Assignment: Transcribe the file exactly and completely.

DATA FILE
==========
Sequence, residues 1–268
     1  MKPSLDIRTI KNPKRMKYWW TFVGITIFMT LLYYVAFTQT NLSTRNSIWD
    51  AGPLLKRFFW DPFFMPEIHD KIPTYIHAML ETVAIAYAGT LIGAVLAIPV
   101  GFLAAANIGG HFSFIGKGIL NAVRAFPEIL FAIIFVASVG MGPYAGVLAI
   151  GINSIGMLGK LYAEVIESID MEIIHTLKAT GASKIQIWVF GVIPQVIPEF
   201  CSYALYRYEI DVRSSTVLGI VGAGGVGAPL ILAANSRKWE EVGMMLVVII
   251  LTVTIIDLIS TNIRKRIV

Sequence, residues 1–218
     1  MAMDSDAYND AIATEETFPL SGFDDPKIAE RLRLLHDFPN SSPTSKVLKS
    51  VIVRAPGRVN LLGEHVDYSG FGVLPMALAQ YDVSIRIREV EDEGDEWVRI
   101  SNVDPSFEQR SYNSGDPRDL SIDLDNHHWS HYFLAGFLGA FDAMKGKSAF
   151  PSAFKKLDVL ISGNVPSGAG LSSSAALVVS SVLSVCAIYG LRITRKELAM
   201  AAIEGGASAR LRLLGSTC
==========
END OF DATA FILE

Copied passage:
Sequence, residues 1–268
     1  MKPSLDIRTI KNPKRMKYWW TFVGITIFMT LLYYVAFTQT NLSTRNSIWD
    51  AGPLLKRFFW DPFFMPEIHD KIPTYIHAML ETVAIAYAGT LIGAVLAIPV
   101  GFLAAANIGG HFSFIGKGIL NAVRAFPEIL FAIIFVASVG MGPYAGVLAI
   151  GINSIGMLGK LYAEVIESID MEIIHTLKAT GASKIQIWVF GVIPQVIPEF
   201  CSYALYRYEI DVRSSTVLGI VGAGGVGAPL ILAANSRKWE EVGMMLVVII
   251  LTVTIIDLIS TNIRKRIV

Sequence, residues 1–218
     1  MAMDSDAYND AIATEETFPL SGFDDPKIAE RLRLLHDFPN SSPTSKVLKS
    51  VIVRAPGRVN LLGEHVDYSG FGVLPMALAQ YDVSIRIREV EDEGDEWVRI
   101  SNVDPSFEQR SYNSGDPRDL SIDLDNHHWS HYFLAGFLGA FDAMKGKSAF
   151  PSAFKKLDVL ISGNVPSGAG LSSSAALVVS SVLSVCAIYG LRITRKELAM
   201  AAIEGGASAR LRLLGSTC